Thanks to the Internet, students in introductory American government courses now have more access to more research sources than ever before. Stephen Mihm writes at The New York Times:
For generations, biographers have used the same methods to conduct research: they waded through the paper trail left by their subject, piecing together a life from epistolary fragments. Based on what they found, they might troll through newspapers from specific dates in the hope of finding coverage of their subject. There were no new-fangled technologies that promised to transform their research, no way of harnessing machines to reveal new layers of historical truth.That’s all starting to change. Several campaigns to digitize newspapers — Readex’s “America's Historical Newspapers” available by subscription at research universities, or the free “Chronicling America” collection available at the Library of Congress — have the potential to revolutionize biographical research. Newspapers are often described as the “first draft of history,” and thanks to these new tools, biographers can tap them in ways that an earlier generation of scholars could only have dreamed of.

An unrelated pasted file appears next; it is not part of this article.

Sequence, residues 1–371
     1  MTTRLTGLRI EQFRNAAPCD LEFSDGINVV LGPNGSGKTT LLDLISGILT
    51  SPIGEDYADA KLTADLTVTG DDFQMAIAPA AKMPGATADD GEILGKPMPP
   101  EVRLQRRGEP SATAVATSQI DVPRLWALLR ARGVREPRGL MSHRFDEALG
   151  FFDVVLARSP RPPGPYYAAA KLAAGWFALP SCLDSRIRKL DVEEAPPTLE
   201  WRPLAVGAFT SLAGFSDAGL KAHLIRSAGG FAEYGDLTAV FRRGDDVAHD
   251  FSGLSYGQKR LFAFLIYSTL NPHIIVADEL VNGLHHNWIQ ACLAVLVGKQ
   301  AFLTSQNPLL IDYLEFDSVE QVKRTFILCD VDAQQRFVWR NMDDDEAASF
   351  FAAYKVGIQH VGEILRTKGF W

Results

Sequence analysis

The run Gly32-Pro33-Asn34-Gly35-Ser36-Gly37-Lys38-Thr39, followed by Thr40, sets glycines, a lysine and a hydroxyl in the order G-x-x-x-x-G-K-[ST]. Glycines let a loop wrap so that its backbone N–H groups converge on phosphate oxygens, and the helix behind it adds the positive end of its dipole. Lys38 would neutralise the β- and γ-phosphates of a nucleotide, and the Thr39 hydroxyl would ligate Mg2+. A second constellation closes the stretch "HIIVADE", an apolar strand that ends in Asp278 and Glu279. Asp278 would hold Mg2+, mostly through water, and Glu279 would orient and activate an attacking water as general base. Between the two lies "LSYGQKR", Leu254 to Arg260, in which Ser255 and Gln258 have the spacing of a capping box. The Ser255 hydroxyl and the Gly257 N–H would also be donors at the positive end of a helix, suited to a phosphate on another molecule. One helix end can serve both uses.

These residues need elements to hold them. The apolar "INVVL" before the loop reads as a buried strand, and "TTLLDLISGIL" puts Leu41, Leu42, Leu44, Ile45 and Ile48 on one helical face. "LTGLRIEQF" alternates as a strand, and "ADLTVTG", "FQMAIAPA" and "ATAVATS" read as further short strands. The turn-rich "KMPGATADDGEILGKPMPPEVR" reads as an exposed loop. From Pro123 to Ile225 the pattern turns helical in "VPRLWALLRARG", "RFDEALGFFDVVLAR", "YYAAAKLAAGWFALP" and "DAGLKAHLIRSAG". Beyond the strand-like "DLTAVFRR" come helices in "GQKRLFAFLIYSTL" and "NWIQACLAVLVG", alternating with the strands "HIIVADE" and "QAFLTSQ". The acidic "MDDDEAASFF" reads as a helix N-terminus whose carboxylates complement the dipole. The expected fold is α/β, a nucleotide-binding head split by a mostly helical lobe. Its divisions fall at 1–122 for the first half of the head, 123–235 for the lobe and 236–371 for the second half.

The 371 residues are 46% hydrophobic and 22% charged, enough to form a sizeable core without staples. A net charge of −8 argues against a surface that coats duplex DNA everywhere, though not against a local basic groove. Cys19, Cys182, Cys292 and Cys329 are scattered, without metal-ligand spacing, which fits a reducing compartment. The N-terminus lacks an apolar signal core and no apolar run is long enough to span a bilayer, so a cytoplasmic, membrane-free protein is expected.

Students may also want to look at other free sources:
- The Founders' Constitution, a extensive collection of writings by the Founders;
- The Interactive Constitution, from the National Constitution Center;
- Archiving Early America, documents from the 18th century;
- American Memory, collections of the Library of Congress;
- Annotated versions of the Declaration of Independence;
- Our Documents, a collection of historical documents such as Jefferson's secret message to Congress on the Lewis & Clark expedition;
- The Avalon Project at Yale, documents in law, history, and diplomacy.